FIG. 9 is a schematic diagram of an alternative sliding sleeve valve multiple position fiber optic position sensor using optical time domain reflection techniques according to one embodiment of the present invention;

FIG. 10 is a schematic diagram of a well control tool with an optical senor system, according to one embodiment of the present invention;

FIG. 11 is a schematic of a preferred marking pattern for determining position according to one embodiment of the present invention;

FIG. 12 is a schematic of an preferred grating pattern according to one embodiment of the present invention; and,

FIG. 13 is a schematic showing an optical-magnetic technique fiber optic position sensing technique according to one embodiment of the present invention.

DESCRIPTION OF PREFERRED EMBODIMENTS

As is known, a given well may be divided into a plurality of separate zones which are required to isolate specific areas of a well for purposes of producing selected fluids, preventing blowouts and preventing water intake. A particularly significant contemporary feature of well production is the drilling and completion of lateral or branch wells which extend from a particular primary wellbore. These lateral or branch wells can be completed such that each lateral well constitutes a separable zone and can be isolated for selected production.

With reference to FIG. 1, well 1 includes three zones, namely zone A, zone B and zone C. Each of zones A, B and C have been completed in a known manner.

In zone A, a slotted liner completion is shown at 69 associated with a packer 71. In zone B, an open hole completion is shown with a series of packers 71 and sliding sleeve 75, also called a sliding sleeve valve. In zone C, a cased hole completion is shown again with the series of packers 71, sliding sleeve 75, and perforating tools 81. The packers 71 seal off the annulus between the wellbores and the sliding sleeve 75 thereby constraining formation fluid to flow only through an open sliding sleeve 75. The completion string 38 is connected at the surface to wellhead 13.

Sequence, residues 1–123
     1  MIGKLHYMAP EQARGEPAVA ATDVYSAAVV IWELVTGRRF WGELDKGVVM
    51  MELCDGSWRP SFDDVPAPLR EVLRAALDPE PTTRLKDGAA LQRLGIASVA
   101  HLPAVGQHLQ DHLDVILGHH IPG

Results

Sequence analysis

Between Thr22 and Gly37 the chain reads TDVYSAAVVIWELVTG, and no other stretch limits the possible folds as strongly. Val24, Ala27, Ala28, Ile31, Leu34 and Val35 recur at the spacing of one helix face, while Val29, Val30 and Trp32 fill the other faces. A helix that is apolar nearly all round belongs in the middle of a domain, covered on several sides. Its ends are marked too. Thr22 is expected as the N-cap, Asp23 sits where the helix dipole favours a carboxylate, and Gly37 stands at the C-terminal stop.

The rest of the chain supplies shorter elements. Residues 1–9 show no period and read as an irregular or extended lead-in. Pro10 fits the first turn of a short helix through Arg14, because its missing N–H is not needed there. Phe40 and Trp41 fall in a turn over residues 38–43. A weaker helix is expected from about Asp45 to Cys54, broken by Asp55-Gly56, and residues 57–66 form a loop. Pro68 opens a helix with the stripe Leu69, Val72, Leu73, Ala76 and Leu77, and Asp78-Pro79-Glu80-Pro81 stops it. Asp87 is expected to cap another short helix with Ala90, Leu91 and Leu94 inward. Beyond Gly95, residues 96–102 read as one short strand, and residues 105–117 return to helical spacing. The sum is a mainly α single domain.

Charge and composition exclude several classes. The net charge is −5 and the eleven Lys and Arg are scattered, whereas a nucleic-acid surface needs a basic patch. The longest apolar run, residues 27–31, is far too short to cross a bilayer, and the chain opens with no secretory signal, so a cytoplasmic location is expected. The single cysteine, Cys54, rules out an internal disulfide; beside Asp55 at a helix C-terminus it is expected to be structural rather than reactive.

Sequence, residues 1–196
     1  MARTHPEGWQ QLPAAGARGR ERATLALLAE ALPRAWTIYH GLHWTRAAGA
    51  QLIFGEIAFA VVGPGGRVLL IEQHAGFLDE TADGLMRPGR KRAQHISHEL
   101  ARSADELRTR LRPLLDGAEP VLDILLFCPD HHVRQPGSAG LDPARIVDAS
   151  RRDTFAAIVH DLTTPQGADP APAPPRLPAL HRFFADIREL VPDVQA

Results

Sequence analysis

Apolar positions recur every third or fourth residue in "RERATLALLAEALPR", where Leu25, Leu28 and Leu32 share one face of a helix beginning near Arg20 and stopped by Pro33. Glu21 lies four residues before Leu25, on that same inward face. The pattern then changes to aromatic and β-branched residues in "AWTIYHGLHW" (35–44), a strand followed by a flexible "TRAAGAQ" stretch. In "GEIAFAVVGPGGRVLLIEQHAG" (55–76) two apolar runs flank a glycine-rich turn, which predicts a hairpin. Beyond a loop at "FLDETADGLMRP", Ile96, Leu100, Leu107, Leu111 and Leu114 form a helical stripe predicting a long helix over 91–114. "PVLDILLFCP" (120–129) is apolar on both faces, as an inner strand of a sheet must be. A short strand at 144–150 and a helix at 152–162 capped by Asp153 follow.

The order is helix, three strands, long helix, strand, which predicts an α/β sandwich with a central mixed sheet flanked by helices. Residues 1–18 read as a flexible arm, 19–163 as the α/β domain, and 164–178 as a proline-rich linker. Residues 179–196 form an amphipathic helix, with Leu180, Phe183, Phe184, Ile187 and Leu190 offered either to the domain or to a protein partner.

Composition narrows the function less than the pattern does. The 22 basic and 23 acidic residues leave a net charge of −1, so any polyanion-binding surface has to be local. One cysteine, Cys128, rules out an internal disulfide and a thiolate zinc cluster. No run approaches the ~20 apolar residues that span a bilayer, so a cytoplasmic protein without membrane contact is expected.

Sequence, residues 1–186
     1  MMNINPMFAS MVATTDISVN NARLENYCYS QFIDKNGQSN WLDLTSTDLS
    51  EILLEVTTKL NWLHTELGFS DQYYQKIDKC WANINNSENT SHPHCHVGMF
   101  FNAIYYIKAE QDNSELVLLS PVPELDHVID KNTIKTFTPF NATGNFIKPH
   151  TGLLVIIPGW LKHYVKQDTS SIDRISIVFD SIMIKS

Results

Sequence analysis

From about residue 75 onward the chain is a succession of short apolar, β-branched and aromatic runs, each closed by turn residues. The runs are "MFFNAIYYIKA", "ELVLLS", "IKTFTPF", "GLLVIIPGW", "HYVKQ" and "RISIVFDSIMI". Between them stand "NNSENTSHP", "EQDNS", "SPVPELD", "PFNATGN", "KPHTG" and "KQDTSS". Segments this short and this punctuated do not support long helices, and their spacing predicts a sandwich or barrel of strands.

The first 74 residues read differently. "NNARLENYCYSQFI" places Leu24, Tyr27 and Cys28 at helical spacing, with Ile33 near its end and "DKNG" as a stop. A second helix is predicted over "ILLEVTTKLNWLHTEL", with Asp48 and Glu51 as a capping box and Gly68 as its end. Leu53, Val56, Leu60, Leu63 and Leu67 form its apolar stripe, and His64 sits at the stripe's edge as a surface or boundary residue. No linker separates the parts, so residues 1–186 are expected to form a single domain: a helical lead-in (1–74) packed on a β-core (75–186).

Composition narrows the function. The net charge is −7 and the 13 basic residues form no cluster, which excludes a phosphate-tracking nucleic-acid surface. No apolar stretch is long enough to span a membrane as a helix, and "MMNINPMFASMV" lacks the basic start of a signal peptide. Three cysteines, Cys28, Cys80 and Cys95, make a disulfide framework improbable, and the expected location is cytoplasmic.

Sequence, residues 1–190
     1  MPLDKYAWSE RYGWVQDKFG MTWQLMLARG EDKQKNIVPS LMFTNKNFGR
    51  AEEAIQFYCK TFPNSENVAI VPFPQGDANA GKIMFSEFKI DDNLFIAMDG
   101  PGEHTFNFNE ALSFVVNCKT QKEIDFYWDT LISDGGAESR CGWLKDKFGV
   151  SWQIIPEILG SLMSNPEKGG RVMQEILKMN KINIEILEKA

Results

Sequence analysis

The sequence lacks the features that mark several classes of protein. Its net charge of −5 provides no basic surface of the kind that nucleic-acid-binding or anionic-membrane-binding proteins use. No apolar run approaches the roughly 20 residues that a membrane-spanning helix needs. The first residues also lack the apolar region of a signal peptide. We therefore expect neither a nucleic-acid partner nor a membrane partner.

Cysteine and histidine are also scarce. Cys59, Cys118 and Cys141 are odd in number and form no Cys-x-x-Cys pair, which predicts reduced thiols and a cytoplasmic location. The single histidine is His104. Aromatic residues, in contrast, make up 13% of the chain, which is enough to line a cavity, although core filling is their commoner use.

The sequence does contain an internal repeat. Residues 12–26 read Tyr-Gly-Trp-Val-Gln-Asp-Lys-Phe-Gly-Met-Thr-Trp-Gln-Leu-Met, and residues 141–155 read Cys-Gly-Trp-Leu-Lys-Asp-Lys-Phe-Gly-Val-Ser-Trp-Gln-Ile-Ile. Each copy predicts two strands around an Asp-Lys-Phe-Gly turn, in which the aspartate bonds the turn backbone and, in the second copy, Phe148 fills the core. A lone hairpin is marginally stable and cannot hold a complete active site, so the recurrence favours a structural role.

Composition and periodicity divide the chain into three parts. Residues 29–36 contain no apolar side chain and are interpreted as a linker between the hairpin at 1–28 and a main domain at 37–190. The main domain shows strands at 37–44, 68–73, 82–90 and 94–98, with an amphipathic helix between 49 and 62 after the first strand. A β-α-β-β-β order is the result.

In a preferred embodiment, hydraulic fluid is fed to each sliding sleeve 75 through a hydraulic tube bundle(not shown) which runs down the annulus between the wellbore 1 and the tubing string 38. Each of the packers 71 is adapted to pass the hydraulic lines while maintaining a fluid seal. Likewise, at least one optical fiber 15 is run in the annulus to each of the sliding sleeves 75. The optical fibers may be run in a separate bundle or they may be included in the bundle with the hydraulic lines. The optical fiber 15 is terminated, at the surface in an optical system 17 which contains the optical source and analysis equipment as will be described. In one preferred embodiment, the optical system 17 comprises a light source and a spectral analyzer (see FIGS. 47). In another preferred embodiment, the optical system 17 comprises an optical time domain reflectometer (see FIGS. 89). The optical system 17 outputs a conditioned signal to a controller 100 which uses the information to control the well. The controller 100 contains a microprocessor and circuitry to interface with the optical system 17 and to control the hydraulic system 109 according to programmed instructions for positioning the sliding sleeves and other flow control devices as desired in the multiple production zones to achieve the desired flows. Such other devices include, but are not limited to, downhole safety valves, downhole chokes, and downhole tool stop systems and are described in U.S. Pat. No. 5,868,201, assigned to the assignee of this application, and is hereby incorporated herein by reference.

It will be appreciated by those skilled in the art that, in another preferred embodiment, an intelligent well control system controls the flow control devices such as sliding sleeve 75. In such a system, the flow control devices are powered by a downhole electromechanical driver (not shown) and the optical system 17 may be contained in a downhole controller (not shown). Such a downhole control system is described in U.S. Pat. No. 5,975,204, assigned to the assignee of this application, and is hereby incorporated herein by reference.